“ Striving to improve systems in a more environmentally sustainable way is constant, no matter how big or small. This often requires problem solving, researching, planning, logistics, learning, being creative and trialling new technologies and processes. ” — Sarah Tosone - Environmental Manager
A massive effort was made during wrap with the challenge of a very tight deadline to divert materials from landfill and keep materials in the economy:
“We trialled a new Construction Demolition Diversion skip bin with Suez who could divert materials including woods, green waste, concrete and metals, at their end.
We also put into practice a ‘One person’s trash is another’s treasure’ approach. Donations to approximately 15 local charities and organisations made positive social impacts in the local community and prevented a lot of perfectly good items from going to landfill.”
Vehicles and trucks became substitutes for skip bins and were sometimes used to deliver materials to organisations but often organisations would collect directly from from the production to ensure it weren’t giving them unwanted items.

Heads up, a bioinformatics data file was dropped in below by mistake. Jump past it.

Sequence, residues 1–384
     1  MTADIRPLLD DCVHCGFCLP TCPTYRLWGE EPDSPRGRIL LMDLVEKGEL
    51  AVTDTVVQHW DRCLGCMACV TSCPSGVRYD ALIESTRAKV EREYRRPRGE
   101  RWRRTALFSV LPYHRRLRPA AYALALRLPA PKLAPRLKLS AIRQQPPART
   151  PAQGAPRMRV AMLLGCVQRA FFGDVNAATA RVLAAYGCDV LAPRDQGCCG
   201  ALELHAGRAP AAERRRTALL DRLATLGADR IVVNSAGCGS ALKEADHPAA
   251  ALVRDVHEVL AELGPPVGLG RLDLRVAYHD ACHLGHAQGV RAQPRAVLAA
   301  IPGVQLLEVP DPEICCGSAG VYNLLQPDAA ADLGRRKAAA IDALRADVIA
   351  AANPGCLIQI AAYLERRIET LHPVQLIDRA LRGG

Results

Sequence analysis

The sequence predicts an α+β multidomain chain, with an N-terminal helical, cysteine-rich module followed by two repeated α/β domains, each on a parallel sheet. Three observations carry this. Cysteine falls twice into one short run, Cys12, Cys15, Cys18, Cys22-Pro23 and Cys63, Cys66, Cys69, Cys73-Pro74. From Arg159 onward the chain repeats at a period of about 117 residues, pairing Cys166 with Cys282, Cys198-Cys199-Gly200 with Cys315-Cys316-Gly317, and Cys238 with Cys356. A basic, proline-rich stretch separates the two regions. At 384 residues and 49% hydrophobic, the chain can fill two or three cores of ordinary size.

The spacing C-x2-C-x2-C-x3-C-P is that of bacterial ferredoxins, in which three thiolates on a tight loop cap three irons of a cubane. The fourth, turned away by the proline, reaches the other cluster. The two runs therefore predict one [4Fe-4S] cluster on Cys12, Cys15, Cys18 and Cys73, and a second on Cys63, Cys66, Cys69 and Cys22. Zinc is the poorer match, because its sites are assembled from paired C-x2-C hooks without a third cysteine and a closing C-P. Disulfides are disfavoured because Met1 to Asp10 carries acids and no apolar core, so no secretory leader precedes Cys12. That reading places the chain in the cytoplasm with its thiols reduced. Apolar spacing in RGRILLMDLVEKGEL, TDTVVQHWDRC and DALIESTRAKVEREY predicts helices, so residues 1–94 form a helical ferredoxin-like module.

Highlights included donations of towels to animal rehabilitation groups, reams of paper and art and craft materials from Props and Set Dec to various kindergartens and schools, stage flats to another film production, wood offcuts to the Men’s Shed (who made wooden toys), perishable and non-perishable foods to Oz Harvest, E-waste to Substation 33 (a social enterprise), containers for change to the domestic violence charity Hearts of Purple and miscellaneous items often thought of as ‘junk’ to Reverse Garbage:
“albert case studies were shared every week to all crew and was an excellent way to share knowledge and insight into how films are getting made. It is nice it has come full circle with a case study about this film, The Portable Door.“